Winter time is here and it is the most deadly time of the year for structure fires, notes Logan Fire Chief Scott Beckett, who is asking the public to take the time and effort to purchase inexpensive smoke alarms which could save lives.
Every year the Logan Fire Department gives out as many smoke alarms as it is able, thanks to assistance from the city, local businesses and folks who donate to the cause, but there are only so many the department can afford, Beckett told the Logan City Council on Tuesday, Nov. 12 during the regular monthly meeting.
Beckett said this year his department will be giving out all the smoke alarms they have to children as part of the LFD’s fire safety and education program. Beckett noted that some are
available at local businesses for as little as $4 each and can save lives. “We have about 250 and we will be distributing them to children so that we can get across he message of fire safety early. If we can get more we will give out more. But nothing is free. It is important to teach children early.”
Chief Beckett noted that old wiring in many structures, improper use of space heaters and cramped conditions often make the winter months the worst time of the year for fire departments in Appalachia.
City Code Enforcement Officer Ray Perry noted that a fire alarm had gone off last week at the school complex on Midelburg Island, but thanks to quick thinking staff and students the building was evacuated within two minutes and everyone got to safety.
“It was a textbook scenario how well that was handled,” Perry said, noting the fire was rapidly extinguished and nobody faced danger thanks to proper training among staff and students. “They really had safety in mind, and it showed.”
Not all recent fire calls have been so fortunate, however. Earlier this fall a structure fire in town led to the loss of two lives, Chief Beckett noted.
“October was a pretty bad month with 78 calls, including the call that saw two people lose their lives,” Beckett said.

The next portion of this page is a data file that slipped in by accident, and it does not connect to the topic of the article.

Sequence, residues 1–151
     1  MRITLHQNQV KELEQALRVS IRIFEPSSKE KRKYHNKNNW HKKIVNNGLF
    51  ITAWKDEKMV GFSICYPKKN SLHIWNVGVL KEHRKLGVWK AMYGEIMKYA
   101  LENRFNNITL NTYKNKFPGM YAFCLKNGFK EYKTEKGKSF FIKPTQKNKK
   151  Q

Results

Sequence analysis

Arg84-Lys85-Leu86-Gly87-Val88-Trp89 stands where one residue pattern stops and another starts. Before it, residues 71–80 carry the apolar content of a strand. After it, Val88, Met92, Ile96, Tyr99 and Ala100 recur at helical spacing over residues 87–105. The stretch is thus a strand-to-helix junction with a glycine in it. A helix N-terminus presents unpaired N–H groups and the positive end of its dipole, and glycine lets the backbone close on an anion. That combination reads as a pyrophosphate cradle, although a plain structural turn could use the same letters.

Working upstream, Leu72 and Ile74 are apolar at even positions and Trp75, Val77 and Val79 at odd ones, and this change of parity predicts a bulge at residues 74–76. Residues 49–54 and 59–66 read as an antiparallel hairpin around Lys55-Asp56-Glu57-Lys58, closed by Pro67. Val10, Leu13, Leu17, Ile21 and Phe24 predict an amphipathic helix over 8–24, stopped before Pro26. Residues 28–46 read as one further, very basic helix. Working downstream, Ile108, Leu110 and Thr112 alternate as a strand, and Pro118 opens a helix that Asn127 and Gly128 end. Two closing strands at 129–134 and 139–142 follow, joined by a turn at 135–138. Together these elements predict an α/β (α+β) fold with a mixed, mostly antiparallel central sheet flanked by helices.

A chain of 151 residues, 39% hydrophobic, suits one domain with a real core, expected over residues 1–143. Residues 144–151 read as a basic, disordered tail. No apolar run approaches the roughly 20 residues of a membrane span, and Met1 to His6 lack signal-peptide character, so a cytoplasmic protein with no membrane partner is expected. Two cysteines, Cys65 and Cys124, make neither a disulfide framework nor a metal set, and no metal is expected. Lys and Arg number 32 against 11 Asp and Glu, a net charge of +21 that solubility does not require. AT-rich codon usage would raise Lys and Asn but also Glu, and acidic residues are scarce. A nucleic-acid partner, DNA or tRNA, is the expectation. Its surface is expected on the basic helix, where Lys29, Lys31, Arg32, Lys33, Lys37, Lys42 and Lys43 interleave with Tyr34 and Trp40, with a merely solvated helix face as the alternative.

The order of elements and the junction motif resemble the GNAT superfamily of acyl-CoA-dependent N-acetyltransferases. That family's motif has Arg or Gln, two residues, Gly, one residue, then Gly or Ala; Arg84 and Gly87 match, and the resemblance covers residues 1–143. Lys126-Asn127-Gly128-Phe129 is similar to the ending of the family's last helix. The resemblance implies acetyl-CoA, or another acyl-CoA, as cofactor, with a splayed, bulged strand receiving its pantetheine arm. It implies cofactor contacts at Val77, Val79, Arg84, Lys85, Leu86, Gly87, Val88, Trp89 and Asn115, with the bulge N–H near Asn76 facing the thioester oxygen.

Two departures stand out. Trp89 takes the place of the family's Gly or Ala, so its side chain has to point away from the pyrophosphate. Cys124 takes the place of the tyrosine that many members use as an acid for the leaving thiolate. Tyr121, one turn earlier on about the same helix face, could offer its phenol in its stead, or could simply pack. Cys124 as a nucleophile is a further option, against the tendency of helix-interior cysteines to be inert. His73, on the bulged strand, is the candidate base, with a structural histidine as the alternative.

Chief Beckett said many of these fires can be prevented.
• Be sure your heater is in good working condition. Inspect exhaust parts for carbon buildup. Be sure the heater has an emergency shut off in case the heater is tipped over.
• Never use fuel burning appliances without proper room venting. Burning fuel (coal, kerosene, or propane, for example) can produce deadly fumes.
• Use ONLY the fuel recommended by the heater manufacturer. Never introduce a fuel into a unit not designed for that type fuel.
• Keep kerosene, or other flammable liquids stored in approved metal containers, in well ventilated storage areas, outside of the house.
• Never fill the heater while it is operating or hot. When refueling an oil or kerosene unit, avoid overfilling.
• When using a fuel burning appliance in the bedroom, be sure there is proper ventilation to prevent a buildup of carbon monoxide.
In the past local firefighters have seen disasters where people had space heaters located too close to flammable items or next to blankets or stacked clothing that caught fire. Keep things that might catch fire away from the heaters to avoid tragedy.
“And invest a few dollars in a smoke alarm. For a handful of dollars you could save your life and avoid a tragedy,” Beckett said.
People overlook it when their homes get older and the writing wears out. You need a smoke alarm in your home. Overloaded wiring, improper use of space heaters and smoking indoors makes this the deadliest time of the year for fires.”